From a very early age, I had a natural affinity for teeth. I wanted to know how they form, and differ in other individuals. As a toddler, I would grab hold of the staff’s teeth at my local daycare and attempt my own version of a dental inspection. It came quite apparent to my mother that either I had a serious fetish or I was finding a passion for a future profession. Even though my mother loved my curious personality, she wanted me to understand that there are boundaries that I must adhere too. Over time, I stopped playing with stranger’s mouths and started using my hands for more important duties. On Saturdays, after soccer practice, my father would drive us to food banks to volunteer our time. During my time as a volunteer, I did such activities such as feeding the homeless, packing boxes of food for families in need, and assisting the building of homes with habitat humanity. Thankfully, I could continue my development as a community leader throughout college and adulthood.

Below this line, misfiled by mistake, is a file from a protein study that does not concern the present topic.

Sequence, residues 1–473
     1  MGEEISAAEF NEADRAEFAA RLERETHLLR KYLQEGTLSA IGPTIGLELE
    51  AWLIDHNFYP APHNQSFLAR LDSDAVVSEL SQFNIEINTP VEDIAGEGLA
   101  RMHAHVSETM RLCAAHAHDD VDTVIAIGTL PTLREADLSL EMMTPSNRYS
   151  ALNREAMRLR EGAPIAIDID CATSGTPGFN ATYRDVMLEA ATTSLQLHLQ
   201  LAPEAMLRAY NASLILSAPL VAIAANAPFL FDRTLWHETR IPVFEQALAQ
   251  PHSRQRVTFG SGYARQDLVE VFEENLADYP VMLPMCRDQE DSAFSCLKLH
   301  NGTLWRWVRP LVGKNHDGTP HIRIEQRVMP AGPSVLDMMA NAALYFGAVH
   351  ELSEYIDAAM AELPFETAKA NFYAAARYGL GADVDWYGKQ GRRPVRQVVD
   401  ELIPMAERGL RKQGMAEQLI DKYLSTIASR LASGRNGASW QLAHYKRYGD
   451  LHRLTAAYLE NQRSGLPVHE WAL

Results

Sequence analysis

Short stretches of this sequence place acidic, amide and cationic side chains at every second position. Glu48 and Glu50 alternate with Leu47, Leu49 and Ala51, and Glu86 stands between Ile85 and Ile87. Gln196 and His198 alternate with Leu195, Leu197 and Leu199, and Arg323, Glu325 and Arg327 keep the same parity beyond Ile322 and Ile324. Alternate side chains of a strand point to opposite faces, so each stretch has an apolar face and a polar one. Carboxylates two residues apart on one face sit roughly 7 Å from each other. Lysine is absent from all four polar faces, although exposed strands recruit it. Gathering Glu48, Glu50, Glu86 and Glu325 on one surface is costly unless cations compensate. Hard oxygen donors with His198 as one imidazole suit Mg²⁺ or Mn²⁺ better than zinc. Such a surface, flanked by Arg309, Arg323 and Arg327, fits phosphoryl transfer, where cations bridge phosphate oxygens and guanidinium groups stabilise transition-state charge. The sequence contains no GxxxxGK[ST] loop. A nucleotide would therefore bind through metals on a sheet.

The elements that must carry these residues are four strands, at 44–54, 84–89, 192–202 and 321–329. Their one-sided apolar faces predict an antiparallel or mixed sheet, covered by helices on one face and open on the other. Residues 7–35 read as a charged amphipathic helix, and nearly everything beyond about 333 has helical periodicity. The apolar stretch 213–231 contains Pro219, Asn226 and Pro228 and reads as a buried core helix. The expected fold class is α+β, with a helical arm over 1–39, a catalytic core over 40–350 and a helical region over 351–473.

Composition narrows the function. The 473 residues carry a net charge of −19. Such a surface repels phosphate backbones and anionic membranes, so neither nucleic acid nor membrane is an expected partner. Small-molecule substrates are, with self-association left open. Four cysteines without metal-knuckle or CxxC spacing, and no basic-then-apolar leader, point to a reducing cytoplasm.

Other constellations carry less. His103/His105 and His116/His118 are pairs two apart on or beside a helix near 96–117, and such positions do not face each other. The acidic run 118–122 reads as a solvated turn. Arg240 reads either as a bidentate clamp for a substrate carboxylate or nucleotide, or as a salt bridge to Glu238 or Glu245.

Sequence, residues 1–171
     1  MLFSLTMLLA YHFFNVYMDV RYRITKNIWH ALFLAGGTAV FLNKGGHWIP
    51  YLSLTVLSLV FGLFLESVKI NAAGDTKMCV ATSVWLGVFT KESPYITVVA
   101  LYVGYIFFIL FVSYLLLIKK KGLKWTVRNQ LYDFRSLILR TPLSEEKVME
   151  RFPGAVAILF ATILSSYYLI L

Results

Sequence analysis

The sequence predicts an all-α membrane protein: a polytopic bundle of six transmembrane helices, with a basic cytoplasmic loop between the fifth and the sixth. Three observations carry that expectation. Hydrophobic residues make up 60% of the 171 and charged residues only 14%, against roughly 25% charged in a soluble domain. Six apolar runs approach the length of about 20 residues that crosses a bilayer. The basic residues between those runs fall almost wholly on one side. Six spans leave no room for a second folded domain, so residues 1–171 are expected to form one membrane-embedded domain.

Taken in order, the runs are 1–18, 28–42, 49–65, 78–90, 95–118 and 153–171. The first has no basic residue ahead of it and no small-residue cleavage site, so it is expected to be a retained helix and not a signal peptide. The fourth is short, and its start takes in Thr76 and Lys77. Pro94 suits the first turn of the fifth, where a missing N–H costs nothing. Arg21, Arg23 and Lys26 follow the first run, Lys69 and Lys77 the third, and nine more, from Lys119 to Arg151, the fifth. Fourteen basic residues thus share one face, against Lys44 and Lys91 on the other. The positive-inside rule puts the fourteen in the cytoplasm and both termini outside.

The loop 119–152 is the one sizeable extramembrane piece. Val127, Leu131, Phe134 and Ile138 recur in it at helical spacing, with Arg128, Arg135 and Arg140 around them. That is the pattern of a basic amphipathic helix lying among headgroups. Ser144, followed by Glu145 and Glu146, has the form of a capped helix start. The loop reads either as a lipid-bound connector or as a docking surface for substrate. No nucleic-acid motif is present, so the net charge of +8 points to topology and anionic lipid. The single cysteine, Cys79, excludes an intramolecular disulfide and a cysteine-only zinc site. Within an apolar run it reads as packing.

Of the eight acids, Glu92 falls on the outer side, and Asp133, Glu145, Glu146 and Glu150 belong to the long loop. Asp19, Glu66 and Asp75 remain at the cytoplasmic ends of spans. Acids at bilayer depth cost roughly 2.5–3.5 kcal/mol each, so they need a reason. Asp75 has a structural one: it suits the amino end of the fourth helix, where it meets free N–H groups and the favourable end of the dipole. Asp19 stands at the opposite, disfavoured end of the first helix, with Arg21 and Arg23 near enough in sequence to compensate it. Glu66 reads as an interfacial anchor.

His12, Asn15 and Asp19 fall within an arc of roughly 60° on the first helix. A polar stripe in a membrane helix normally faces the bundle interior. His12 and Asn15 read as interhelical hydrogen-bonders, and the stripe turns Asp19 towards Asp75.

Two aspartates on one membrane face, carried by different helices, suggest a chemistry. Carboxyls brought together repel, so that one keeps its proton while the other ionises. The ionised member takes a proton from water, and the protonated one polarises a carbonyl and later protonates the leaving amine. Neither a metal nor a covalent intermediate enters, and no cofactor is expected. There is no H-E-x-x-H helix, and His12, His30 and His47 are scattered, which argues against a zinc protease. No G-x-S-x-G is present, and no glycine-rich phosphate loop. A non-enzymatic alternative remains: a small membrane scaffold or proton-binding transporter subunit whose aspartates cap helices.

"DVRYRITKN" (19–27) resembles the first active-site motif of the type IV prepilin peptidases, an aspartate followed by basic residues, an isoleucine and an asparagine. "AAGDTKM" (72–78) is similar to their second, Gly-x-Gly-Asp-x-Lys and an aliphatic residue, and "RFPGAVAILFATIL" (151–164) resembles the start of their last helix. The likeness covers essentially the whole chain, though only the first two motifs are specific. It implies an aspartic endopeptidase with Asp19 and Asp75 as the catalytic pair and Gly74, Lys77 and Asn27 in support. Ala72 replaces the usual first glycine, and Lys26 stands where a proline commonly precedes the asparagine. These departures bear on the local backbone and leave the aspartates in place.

The classroom visit helped me understand how to communicate what I have learned in regards to preventative dentistry, into ways that the public would understand. Which overall encouraged me to better comprehend preventative dentistry as a whole. I found inspiration in the ability to educate those who are uninformed on the importance of oral health. I’m excited to share my skills as a dental hygienist to improve the lives of those around me, by meeting them where they are on their dental journey. I now have a sense of responsibility to help the community to maintain high oral health standards.
• Floss with Your Child: To further promote this healthy habit, floss with your child every day. Show your child how to floss, and then, floss your own teeth along with him or her. If you are unsure about how to demonstrate flossing to your little one, ask your Red Deer dentist for guidance. Your family dentist can show your child how to floss, as well as offer tips for assisting him or her at